50 million-year-old fossil assassin bug has unusually well-preserved genitalia

assassin bug fossil
Recovered from the Green River Formation in present-day Colorado, this fossil represents a new genus and species of predatory insects known as assassin bugs. Researchers named the specimen Aphelicophontes danjuddi. A small beetle was also fossilized with the specimen. Photos by Daniel Swanson /Courtesy Palaeontological Association

The fossilized insect is tiny and its genital capsule, called a pygophore, is roughly the length of a grain of rice. It is remarkable, scientists say, because the bug’s physical characteristics – from the bold banding pattern on its legs to the internal features of its genitalia – are clearly visible and well-preserved. Recovered from the Green River Formation in present-day Colorado, the fossil represents a new genus and species of predatory insects known as assassin bugs.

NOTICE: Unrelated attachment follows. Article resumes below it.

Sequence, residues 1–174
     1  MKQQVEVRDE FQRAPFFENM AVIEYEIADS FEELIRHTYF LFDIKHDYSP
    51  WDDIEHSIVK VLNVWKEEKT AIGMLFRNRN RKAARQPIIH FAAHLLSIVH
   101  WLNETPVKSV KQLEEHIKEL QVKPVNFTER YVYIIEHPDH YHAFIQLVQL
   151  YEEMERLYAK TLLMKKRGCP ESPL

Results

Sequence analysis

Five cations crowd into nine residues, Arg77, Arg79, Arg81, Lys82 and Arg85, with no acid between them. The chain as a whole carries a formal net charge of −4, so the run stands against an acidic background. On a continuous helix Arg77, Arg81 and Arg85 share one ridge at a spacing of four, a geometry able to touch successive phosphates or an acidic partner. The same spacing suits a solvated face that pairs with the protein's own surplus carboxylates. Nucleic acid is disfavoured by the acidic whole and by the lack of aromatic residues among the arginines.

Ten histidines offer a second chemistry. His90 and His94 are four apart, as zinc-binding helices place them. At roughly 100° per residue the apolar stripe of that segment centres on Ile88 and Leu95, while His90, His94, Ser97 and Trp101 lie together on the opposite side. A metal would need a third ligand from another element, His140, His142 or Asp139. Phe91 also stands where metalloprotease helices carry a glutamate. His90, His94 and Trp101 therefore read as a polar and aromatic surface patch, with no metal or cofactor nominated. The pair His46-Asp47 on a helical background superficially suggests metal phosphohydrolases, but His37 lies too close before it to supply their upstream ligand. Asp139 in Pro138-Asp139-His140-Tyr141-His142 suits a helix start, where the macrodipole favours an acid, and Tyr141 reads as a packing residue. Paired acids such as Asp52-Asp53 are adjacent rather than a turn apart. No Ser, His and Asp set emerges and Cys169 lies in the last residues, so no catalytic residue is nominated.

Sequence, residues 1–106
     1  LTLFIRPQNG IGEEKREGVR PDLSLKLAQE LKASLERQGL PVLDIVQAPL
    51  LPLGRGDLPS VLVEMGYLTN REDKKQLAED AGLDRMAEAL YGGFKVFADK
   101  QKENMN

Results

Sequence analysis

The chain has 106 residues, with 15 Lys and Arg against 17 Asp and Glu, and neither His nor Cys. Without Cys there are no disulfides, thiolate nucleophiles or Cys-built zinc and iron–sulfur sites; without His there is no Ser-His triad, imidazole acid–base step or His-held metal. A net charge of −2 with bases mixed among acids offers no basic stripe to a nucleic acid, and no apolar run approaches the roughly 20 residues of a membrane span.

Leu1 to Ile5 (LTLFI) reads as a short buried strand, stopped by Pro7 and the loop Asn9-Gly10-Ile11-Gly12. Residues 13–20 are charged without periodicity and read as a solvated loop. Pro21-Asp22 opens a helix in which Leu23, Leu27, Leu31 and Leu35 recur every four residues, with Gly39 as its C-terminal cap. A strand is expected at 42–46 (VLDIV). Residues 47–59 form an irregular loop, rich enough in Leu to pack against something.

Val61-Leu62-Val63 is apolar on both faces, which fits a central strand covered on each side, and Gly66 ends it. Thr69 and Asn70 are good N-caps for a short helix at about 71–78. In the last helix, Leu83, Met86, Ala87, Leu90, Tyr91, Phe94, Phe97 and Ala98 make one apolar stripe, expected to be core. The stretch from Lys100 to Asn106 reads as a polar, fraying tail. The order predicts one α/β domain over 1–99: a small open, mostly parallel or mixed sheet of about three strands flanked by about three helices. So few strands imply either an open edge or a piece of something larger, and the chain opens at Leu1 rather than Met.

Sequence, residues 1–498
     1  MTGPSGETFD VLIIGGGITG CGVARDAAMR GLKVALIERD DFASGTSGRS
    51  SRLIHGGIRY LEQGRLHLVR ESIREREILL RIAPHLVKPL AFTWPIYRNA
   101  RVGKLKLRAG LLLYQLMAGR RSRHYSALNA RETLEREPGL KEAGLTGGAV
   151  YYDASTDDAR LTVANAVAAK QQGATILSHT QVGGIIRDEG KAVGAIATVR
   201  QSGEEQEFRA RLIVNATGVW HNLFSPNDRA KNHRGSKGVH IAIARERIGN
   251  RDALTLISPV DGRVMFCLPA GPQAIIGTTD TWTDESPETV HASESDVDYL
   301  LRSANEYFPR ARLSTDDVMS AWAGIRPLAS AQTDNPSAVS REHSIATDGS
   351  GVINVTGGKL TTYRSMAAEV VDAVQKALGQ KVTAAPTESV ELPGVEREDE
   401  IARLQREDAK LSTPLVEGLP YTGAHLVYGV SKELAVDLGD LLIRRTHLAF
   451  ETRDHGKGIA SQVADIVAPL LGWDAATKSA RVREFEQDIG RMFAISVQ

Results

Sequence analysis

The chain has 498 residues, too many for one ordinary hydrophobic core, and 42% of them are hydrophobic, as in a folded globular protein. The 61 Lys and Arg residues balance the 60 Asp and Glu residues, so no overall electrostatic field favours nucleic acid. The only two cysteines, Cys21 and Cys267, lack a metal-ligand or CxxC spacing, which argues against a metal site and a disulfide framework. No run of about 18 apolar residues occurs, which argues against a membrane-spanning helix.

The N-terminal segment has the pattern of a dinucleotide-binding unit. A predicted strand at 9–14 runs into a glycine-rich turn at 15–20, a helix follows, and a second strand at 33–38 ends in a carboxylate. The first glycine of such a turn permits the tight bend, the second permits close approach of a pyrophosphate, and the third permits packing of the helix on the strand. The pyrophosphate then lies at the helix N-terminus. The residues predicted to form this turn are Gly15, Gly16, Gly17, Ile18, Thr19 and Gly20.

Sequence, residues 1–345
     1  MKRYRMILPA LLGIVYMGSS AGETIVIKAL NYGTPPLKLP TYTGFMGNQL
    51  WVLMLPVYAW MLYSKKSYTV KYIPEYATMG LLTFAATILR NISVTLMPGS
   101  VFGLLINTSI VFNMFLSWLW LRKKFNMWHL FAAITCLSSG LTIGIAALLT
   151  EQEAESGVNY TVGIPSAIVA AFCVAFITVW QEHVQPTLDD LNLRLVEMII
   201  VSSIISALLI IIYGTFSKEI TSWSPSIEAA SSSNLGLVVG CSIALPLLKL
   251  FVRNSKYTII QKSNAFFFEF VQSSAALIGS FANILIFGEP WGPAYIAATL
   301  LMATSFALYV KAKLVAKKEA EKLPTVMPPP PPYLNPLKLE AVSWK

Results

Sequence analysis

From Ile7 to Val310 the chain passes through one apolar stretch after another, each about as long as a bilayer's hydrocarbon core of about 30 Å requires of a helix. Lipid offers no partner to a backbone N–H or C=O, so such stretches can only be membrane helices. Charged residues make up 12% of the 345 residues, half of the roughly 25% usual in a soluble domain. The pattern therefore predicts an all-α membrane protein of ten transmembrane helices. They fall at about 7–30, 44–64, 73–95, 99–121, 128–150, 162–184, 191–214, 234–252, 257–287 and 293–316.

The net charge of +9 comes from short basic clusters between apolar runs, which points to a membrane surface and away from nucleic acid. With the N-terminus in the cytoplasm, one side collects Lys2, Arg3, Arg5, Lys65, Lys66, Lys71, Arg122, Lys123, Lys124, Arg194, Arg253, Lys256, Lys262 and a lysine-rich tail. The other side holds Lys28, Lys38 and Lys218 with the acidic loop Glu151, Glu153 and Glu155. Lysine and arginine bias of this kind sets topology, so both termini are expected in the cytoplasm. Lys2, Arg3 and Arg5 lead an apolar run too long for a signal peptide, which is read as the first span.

The find is reported in the journal Papers in Palaeontology.

Discovered in 2006 by breaking open a slab of rock, the fossilized bug split almost perfectly from head to abdomen. The fracture also cracked the pygophore in two. A fossil dealer later sold each half to a different collector, and the researchers tracked them down and reunited them for this study.

Being able to see a bug’s genitalia is very helpful when trying to determine a fossil insect’s place in its family tree, said Sam Heads, a paleontologist at the Illinois Natural History Survey who led the research with Daniel Swanson, a graduate student in entomology at the University of Illinois Urbana-Champaign.

Read more about their findings.